Went last night to the opening performances of 2b or nt 2b and 4 Billion Likes!
They’re two different shows, but both performed by 1st Gear Productions Youth Theatre and written and directed by Sarah Delahunty.
2b or nt 2b
This was a well acted and produced performance of six iconic fictional characters in the modern world.
Bronwyn Ensor plays the manipulative Hedda Gabler.
Neenah Dekkers is an emo like Masha.
Michael Trigg is a woeful Hamlet.
Alice Orchard is Irina Sergeyevna Prozorva.
Sylvie McCreanor is a very angry and bitter Antigone.
Georgie Sivier is a babbling lovely Helena.
The play starts with them all ringing various companies for assistance, and there is much humour with some very well known automated call systems trying to cope with their requests.
Then they discover an online bulletin board, where they get chatting to each other. Hedda convinces them all to meet the Bridge to Nowhere (now in the Hutt!) and go out in style. Their meeting is both dramatic and funny. Antigone and Hamlet compete for who has the worst uncle (she wins) while Masha is hilarious talking about how miserable her life is working in the Foxton PostShop.
The play is 60 minutes long, and was very enjoyable. The six actors all succeed in bringing their characters to life, and the blending of historical fiction with the modern world is nicely done.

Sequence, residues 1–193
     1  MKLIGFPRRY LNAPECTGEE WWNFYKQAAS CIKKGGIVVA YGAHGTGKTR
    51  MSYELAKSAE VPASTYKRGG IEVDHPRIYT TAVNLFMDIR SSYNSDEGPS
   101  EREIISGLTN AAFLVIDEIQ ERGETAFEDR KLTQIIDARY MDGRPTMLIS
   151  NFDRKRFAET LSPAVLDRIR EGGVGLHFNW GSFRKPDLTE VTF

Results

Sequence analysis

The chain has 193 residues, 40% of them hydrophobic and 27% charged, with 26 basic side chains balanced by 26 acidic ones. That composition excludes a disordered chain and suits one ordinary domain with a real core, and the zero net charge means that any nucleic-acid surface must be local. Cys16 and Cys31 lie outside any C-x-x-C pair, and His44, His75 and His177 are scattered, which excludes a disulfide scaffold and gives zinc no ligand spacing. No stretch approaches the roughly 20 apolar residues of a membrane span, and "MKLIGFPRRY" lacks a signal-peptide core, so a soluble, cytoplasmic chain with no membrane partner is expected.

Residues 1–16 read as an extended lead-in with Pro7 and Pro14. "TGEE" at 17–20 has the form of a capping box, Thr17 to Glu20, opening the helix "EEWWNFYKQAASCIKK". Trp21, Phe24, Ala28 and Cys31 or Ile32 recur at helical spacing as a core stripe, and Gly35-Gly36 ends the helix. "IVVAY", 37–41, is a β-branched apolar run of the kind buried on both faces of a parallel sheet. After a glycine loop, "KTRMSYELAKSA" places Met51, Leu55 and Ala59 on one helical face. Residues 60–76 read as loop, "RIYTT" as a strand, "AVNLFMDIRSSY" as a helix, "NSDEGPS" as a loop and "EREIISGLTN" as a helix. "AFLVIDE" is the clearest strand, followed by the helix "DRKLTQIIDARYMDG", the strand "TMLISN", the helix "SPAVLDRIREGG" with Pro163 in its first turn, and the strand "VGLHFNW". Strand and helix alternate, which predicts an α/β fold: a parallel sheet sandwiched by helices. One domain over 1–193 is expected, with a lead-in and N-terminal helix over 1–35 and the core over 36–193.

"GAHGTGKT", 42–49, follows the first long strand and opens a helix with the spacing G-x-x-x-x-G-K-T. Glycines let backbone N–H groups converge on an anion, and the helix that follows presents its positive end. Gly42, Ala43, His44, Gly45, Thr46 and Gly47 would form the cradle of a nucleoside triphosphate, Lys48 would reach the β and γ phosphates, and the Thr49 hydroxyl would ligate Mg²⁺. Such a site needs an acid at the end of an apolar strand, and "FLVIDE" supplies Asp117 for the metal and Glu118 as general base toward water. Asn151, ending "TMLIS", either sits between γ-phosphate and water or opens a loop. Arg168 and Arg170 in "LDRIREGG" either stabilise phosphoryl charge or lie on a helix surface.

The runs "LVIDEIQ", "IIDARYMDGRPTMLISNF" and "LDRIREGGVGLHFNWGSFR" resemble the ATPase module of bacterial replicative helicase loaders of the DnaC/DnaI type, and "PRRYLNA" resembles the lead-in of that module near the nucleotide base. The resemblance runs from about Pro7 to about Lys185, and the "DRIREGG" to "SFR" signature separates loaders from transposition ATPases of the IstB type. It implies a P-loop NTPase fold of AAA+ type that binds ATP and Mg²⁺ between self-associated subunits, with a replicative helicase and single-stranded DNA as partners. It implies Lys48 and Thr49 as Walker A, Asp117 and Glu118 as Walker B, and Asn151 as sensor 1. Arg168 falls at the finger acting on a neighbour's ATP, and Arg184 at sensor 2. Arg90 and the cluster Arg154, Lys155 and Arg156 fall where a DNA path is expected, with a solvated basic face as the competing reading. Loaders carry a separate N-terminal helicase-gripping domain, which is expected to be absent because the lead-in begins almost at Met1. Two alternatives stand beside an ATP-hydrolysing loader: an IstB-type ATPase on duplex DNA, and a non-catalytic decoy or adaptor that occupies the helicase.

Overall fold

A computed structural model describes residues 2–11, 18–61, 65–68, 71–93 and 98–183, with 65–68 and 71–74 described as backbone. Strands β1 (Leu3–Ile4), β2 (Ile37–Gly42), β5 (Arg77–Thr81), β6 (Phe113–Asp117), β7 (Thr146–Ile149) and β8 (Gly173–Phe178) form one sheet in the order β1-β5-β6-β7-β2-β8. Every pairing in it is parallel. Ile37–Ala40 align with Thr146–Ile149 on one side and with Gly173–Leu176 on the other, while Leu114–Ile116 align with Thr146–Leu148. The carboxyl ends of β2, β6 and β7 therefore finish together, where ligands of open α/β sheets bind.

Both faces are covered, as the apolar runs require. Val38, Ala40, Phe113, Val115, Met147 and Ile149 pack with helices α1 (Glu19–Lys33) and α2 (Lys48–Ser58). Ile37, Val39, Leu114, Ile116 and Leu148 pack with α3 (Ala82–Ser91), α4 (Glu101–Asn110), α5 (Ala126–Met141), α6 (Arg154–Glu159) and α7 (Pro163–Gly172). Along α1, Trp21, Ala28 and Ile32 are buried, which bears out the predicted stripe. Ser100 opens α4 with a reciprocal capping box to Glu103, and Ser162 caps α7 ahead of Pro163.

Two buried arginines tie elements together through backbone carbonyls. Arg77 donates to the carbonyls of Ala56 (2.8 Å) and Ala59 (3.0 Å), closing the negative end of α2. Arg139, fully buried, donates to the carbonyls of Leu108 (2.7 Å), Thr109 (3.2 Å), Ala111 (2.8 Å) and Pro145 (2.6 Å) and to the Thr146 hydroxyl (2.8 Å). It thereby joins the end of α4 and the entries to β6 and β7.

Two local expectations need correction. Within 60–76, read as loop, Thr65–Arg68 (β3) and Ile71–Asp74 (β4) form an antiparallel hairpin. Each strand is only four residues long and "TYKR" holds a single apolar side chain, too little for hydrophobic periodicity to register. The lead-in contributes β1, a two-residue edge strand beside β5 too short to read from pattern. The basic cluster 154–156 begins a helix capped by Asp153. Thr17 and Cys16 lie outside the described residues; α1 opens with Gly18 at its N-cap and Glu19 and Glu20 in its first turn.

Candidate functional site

4 Billion Likes
Neenah Dekkers returns after the interval to play Chloe Anderson from Hamilton in a sole performance. I’d call Chloe a dumb blonde, if she wasn’t brunette. But her character is wonderfully played as a self-obssessed teenager who blogs about her attempts to lose 2 kgs in a few days. Lots of humour as she complains that the webpage that told her she can do it by just drinking water didn’t mention she needs to exercise also – and how can you exercise if you have only been drinking water!
The play is almost non stop laughs for the first two thirds. Dekkers nails the role, and her trite observations have you cracking up. But in an excellent turn of events, the play then deals with a very serious issue, and you go from laughter to breathless silence as the final scene plays out. A real emotional roller coaster.
What is nice is how trite observations at the beginning of the play, turn out to be very meaningful towards the end – and it forms a nice homily to the power of social media to do good, as well as the social.
The two plays combined to produce a very enjoyable, but also thought provoking, night.
Tags: Circa, Reviews